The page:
Fewer Than Half of American Children Growing Up In Intact Families, Survey Finds

By Susan Jones | December 15, 2010 | 10:57am EST

(CNSNews.com) - Only 45 percent of American children have spent their childhood in an intact family, according to a survey produced by a conservative advocacy group.

The "Index of Belonging and Rejection," produced by Dr. Pat Fagan of the Family Research Council's Marriage and Religion Research Institute, defines an intact family as a biological mother and father who remain legally married to one another from the time of their child's birth.

"American society is dysfunctional, characterized by a faulty understanding of the male-female relationship," Fagan said in a news release. "Our culture needs a compass correction, learning again how to belong to each other when we have begotten children together."

Fagan said providing children with intact families holds "immeasurable benefits" for children, adults and society in general. The benefits include financial, educational, legislative, legal and judicial gains, Fagan added.

The survey's findings:

-- 62 percent of Asian-American teenagers live with both married parents.

-- 54 percent of white youth live with both parents.

-- 41 percent of teenagers from multiracial family backgrounds live in intact families.

-- 40 percent of Hispanic teenagers nationwide live with both parents.

-- 24 percent of American Indian and Alaskan Native adolescents -- fewer than one in four -- have lived with both married parents throughout childhood.

-- 17 percent of African-American youth -- fewer than one in five -- live with both married parents.

The Index also varies across regional and socioeconomic lines:

-- 41 percent of adolescents living in the South grow up belonging to an intact family.

-- Large urban counties whose populations are less educated, less affluent, and contain high concentrations of minority groups tend to have lower proportions of two-parent families.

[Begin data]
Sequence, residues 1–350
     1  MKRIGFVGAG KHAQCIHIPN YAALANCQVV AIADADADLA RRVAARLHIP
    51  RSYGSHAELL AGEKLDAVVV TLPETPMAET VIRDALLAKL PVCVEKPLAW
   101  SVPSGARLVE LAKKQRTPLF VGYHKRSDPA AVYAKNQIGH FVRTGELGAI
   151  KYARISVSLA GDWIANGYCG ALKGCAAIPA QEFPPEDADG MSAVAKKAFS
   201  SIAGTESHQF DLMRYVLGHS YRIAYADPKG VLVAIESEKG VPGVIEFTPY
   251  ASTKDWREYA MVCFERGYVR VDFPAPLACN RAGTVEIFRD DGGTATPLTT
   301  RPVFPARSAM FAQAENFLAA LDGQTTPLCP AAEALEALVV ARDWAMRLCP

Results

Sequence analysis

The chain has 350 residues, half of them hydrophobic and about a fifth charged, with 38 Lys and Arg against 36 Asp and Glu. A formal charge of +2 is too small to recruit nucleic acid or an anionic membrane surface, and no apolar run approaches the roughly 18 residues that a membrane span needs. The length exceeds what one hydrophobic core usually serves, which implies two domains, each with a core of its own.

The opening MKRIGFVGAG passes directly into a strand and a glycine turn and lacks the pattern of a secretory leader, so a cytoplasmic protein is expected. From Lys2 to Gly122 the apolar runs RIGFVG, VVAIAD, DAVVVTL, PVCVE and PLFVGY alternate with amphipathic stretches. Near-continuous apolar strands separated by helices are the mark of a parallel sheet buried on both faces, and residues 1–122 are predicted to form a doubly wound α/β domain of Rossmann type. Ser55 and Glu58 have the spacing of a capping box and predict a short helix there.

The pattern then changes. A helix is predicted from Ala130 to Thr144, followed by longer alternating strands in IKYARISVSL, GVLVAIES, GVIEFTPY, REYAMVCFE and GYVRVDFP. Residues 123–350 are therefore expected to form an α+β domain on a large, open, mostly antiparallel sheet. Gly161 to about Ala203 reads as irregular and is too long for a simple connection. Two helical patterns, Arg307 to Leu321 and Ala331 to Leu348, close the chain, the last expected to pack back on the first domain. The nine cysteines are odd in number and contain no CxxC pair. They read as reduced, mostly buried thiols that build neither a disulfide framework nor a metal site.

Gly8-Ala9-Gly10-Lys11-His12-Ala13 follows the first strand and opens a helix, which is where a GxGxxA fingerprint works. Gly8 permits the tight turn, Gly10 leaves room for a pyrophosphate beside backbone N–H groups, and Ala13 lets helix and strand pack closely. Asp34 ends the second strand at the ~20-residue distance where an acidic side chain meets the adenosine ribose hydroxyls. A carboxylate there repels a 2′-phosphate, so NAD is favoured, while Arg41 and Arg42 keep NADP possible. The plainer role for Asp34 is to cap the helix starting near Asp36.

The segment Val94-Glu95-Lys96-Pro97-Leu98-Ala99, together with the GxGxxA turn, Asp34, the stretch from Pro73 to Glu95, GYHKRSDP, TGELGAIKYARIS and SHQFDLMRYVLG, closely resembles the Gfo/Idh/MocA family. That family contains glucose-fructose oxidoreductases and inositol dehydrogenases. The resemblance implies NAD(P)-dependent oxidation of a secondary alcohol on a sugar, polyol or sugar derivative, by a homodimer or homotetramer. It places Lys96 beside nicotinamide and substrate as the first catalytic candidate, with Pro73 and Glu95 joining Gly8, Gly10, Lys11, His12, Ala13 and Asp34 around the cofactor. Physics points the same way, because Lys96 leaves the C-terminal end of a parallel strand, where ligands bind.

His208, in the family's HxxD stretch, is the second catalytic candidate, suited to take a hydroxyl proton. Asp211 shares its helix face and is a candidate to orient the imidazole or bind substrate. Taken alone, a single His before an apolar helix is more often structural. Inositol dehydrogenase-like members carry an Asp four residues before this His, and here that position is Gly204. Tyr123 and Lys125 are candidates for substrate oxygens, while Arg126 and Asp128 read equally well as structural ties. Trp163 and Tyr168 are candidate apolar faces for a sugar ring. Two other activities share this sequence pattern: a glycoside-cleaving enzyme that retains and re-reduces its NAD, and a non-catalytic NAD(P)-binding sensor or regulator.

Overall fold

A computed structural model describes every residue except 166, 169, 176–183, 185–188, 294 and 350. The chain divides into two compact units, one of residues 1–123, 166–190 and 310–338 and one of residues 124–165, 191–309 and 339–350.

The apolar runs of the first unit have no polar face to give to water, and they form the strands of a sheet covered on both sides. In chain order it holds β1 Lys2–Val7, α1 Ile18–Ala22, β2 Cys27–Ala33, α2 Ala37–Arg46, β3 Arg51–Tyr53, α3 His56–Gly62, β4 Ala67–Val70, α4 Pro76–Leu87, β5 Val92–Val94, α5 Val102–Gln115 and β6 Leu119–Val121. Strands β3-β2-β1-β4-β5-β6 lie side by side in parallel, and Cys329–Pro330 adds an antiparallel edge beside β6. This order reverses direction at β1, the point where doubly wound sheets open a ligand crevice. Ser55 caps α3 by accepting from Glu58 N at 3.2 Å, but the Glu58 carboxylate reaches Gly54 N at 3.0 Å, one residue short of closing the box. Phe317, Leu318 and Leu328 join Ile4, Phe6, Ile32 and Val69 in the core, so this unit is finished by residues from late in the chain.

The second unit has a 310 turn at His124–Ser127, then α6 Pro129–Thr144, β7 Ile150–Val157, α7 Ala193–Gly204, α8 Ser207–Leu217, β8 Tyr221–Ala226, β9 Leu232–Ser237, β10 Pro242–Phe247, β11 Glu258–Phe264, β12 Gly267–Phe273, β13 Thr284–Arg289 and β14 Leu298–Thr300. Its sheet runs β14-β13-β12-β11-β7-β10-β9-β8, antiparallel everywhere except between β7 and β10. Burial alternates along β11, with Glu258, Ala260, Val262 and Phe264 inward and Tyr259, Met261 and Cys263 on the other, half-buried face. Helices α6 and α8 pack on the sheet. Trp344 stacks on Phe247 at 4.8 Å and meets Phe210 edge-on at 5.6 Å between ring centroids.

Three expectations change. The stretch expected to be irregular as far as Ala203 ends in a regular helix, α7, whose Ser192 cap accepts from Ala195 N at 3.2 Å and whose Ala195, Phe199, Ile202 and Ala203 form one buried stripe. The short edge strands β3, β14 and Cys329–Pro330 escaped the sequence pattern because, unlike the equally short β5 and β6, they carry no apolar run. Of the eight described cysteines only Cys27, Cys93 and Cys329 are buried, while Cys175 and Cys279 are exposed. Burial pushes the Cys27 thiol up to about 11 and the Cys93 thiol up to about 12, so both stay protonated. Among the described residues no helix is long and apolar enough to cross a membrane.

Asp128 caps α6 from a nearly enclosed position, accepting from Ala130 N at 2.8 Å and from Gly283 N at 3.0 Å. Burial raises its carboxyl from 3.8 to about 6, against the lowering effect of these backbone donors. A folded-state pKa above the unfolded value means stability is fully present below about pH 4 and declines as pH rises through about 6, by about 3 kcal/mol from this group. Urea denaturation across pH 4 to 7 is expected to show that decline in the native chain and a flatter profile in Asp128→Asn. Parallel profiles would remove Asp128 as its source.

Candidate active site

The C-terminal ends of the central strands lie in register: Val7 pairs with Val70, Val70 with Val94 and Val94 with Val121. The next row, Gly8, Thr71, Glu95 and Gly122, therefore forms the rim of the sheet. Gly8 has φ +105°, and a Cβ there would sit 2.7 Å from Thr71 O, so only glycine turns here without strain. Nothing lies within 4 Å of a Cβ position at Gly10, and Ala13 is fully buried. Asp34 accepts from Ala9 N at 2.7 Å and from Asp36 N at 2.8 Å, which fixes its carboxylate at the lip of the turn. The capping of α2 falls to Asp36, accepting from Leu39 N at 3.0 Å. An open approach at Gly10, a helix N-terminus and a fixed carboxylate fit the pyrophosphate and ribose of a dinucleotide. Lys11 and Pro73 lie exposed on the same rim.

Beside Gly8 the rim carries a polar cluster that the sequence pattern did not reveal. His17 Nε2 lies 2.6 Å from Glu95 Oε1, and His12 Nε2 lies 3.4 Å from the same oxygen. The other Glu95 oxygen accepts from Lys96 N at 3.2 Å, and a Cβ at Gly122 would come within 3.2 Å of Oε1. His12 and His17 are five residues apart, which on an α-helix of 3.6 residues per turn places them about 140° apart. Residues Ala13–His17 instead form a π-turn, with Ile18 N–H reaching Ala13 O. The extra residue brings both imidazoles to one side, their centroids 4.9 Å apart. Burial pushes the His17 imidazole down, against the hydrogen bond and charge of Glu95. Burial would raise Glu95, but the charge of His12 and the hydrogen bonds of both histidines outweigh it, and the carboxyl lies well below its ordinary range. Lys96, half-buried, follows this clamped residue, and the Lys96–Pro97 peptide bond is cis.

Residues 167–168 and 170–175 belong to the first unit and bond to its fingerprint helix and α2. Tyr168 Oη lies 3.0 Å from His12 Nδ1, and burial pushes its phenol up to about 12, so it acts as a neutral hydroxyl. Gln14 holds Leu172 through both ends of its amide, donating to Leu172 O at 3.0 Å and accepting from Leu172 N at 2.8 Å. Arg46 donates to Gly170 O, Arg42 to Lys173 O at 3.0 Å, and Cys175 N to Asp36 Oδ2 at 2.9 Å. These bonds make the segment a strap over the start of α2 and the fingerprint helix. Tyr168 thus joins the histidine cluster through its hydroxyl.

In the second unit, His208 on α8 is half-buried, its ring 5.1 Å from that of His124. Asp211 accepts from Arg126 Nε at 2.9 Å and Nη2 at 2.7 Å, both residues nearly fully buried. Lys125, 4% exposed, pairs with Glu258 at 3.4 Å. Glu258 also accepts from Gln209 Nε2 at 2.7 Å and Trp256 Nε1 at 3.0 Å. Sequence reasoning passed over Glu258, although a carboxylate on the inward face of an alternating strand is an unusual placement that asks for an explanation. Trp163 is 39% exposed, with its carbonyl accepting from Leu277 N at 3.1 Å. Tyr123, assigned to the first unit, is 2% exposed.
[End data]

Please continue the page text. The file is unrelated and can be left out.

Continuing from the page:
Fagan says the “culture of rejection” in American homes affects individuals and the nation as a whole.

"Children in broken homes are more likely to be poor or welfare-dependent. They enjoy less academic achievement and less social development, have more accidents and injuries, and have worse mental health and more behavioral problems. These children also have worse relationships with their parents and are more likely to reject their own spouses later.

"The culture of rejection burdens communities with higher levels of poverty, unemployment, welfare dependency, domestic abuse, child neglect, delinquency, crime and crime victimization, drug abuse, academic failure and school dropout, and unmarried teen pregnancy and childbearing. The United States experiences increased costs in education, healthcare, mental health and the administration of justice.”

Fagan said the nation’s future depends on the strength of its families. “Such strength is waning, which should give every American pause for concern and motivation for action," Fagan concluded.

The first annual 'Index of Family Belonging and Rejection' is based on analysis of the U.S. Census Bureau’s 2008 American Community Survey.

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